The UUT next time will not be just about maintaining the 10% rate we have now. That is, of course, assuming that Mayor Moran is not foolish enough to push for a 12% rate again. Probably one of the biggest political blunders this town has seen in quite a few years. And don't get me started about the attempt to extend the sunset period to a full five years.
No, what will be at stake is the kind of City government Sierra Madre wants. The so-called full service city that features an in house Police Department, or one that is willing to contract out for something far less expensive.
There is an interesting piece on the OC Watchdog site of the Orange County Register. And while this may very well be an apples to oranges comparison (sorry) because obviously we are far closer to Los Angeles than Yorba Linda, what we can see here is that Sierra Madre is hardly the only city in Southern California grappling with the high costs of maintaining its own police department. The question they ask being, "Could your city police department cost less?" (click here). This is what they have to say:
We've been talking about how governments might pool their resources to save money, so we thought we'd look at what cities pay to provide that thin blue (or khaki?) line of police protection.
Some cities have their own police departments, with their own top brass. Others farm out policing to the Orange County Sheriff's Department. The difference being in what it costs Joe Public can be a bit startling.
> San Juan Capistrano is bigger than Laguna Beach - by about 50 percent - but it pays about half what Laguna pays for policing ($7.2 million, to Laguna's $14 million).
> Mission Viejo is bigger than Newport Beach - by about 12 percent - but it spends just a fraction of what Newport pays for policing ($15.2 million, to Newport's $41.5 million).
> Buena Park is about the same size as Mission Viejo - but spends millions more on policing ($23.6 million, to Mission Viejo's $15.2 million).
The article then goes on to detail what exactly is the cause of the huge disparities in the costs of law enforcement. With the easy conclusion being that more and more cities, faced with the kinds of intractable financial pressure that we also face here, are opting to jettison their traditional police departments for the Sheriff's Department. The latest example being Yorba Linda, which recently made the change and will realize over $1 million in savings per year for having done so.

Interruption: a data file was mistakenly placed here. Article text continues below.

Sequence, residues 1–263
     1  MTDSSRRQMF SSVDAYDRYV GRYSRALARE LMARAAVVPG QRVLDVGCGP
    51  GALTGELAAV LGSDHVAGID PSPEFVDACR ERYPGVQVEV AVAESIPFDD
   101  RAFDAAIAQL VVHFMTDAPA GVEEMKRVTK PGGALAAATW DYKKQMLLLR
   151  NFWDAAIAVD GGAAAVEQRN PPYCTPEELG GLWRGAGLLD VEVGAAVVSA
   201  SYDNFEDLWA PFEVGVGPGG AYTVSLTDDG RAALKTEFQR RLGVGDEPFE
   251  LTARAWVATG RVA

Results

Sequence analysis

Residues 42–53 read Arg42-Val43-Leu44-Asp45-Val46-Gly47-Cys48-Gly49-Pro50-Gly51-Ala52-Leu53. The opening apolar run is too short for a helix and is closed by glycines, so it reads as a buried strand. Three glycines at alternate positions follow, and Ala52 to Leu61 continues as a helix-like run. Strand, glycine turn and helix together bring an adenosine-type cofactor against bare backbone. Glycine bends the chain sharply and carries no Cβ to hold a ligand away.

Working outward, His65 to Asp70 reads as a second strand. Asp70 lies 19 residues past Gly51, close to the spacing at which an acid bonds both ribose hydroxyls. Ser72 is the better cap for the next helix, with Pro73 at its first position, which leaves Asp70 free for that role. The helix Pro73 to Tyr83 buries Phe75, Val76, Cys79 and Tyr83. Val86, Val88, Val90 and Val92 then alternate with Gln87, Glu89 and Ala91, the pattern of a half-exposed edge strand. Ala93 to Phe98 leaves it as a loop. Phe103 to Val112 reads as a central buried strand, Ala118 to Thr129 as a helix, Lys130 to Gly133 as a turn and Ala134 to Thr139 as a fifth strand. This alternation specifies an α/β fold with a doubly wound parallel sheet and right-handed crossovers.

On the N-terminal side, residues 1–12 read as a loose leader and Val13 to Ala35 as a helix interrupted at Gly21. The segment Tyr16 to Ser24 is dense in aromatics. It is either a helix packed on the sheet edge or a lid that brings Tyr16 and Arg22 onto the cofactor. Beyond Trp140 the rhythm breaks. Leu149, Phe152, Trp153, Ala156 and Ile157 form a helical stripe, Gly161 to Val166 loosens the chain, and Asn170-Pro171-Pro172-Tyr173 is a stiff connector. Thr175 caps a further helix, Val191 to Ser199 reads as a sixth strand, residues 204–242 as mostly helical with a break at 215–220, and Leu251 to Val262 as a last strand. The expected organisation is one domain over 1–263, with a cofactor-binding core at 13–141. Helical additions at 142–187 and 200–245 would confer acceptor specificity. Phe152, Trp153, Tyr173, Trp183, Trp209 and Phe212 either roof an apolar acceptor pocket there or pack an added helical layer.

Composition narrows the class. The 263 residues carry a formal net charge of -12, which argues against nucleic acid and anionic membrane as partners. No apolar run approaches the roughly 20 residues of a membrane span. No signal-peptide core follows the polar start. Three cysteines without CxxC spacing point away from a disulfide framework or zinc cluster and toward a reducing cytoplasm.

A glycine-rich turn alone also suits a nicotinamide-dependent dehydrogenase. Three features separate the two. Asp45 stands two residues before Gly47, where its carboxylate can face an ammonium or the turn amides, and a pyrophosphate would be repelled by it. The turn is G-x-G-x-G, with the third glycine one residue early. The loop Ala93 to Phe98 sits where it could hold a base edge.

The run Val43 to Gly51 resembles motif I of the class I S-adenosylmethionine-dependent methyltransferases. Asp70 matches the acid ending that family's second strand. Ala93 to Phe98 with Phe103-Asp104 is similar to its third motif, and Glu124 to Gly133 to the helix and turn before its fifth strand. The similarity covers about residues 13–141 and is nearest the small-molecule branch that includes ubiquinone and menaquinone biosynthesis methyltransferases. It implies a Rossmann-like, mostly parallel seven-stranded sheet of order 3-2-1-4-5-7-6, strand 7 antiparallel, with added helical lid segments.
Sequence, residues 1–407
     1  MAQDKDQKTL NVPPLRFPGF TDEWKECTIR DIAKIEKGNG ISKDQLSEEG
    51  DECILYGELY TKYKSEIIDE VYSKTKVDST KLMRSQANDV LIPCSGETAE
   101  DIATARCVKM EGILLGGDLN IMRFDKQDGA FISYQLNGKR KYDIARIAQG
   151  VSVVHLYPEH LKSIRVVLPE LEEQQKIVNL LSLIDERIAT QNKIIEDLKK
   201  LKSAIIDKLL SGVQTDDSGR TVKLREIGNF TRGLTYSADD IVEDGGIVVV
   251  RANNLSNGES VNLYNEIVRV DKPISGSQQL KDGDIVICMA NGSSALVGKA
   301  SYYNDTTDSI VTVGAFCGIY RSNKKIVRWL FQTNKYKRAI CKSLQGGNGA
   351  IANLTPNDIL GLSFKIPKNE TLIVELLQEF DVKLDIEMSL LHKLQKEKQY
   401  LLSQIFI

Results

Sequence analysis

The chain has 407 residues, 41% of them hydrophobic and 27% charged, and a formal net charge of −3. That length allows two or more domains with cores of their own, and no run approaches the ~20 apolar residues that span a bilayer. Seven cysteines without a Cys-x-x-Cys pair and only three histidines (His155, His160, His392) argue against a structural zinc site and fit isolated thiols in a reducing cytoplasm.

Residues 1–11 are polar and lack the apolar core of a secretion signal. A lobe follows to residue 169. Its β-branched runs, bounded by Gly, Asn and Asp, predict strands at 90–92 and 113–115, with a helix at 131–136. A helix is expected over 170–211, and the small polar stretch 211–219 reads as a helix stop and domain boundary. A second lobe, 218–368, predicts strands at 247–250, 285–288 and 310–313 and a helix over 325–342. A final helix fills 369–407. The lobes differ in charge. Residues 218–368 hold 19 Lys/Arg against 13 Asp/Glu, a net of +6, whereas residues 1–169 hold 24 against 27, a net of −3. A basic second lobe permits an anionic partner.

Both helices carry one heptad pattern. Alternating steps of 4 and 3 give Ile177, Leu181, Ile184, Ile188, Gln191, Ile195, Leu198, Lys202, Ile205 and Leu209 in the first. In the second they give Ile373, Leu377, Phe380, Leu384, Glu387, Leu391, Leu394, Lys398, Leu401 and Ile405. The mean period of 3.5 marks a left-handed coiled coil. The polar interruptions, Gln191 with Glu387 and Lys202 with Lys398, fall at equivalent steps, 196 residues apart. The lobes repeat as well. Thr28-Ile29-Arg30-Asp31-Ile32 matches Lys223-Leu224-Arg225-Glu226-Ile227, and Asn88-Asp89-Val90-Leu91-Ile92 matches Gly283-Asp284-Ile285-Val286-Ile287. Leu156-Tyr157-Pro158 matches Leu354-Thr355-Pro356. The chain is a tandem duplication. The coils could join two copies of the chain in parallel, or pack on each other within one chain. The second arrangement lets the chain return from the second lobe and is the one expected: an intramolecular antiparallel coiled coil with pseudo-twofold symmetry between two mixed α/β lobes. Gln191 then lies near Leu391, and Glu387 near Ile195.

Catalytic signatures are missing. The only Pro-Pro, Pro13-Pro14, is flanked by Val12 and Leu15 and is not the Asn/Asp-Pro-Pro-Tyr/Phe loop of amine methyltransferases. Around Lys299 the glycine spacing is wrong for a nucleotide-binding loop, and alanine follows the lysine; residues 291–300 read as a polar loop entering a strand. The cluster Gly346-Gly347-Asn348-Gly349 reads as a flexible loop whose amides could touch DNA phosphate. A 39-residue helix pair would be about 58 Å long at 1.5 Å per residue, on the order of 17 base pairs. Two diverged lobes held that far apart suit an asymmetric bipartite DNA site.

In Sierra Madre our police department accounts for around 53% of our General Fund revenues per year. And even with our UUT rate at 10%, we are barely eking by. As a matter of fact, for the first time in a few years the City of Sierra Madre could very well be running a deficit. Despite the fact that our UUT rates are just about the highest in the state.
The choices that will be before the voters of Sierra Madre when the UUT questions are put back on the ballot as early as next year will be rather stark. And while the ballot language will in no way resemble what I am about to say here, this is what the real choice will be. Which would you rather have, a 6% Utility User Tax, or the Sierra Madre Police Department? Because obviously without that additional funding the choice to go with the L.A. County Sheriff's Department will have already been made. There really would be no other choice.
Earlier I mentioned that putting the UUT Measures back on the ballot would be the easiest route for the City Council to take. The easiest because, given the City's current financial projections, they might otherwise have to make some of these difficult choices themselves. By voting 'no' on any future UUT Measure you will pretty much have made those decisions for them. In this case the opinions of the voting tax payer being far more consequential.
So which will it be? A 6% UUT rate, or the Sierra Madre Police Department? That is pretty much what the choice is going to be.